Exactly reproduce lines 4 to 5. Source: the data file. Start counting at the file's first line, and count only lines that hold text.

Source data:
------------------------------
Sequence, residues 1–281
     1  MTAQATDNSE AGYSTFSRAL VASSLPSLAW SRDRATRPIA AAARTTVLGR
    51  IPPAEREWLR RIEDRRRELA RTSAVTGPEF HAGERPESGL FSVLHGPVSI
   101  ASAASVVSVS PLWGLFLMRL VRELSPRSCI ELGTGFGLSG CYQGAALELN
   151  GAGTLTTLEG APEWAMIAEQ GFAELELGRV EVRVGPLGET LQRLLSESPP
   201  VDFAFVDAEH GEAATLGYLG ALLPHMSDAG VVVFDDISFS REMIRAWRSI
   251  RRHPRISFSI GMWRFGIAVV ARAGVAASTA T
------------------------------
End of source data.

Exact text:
   101  ASAASVVSVS PLWGLFLMRL VRELSPRSCI ELGTGFGLSG CYQGAALELN
   151  GAGTLTTLEG APEWAMIAEQ GFAELELGRV EVRVGPLGET LQRLLSESPP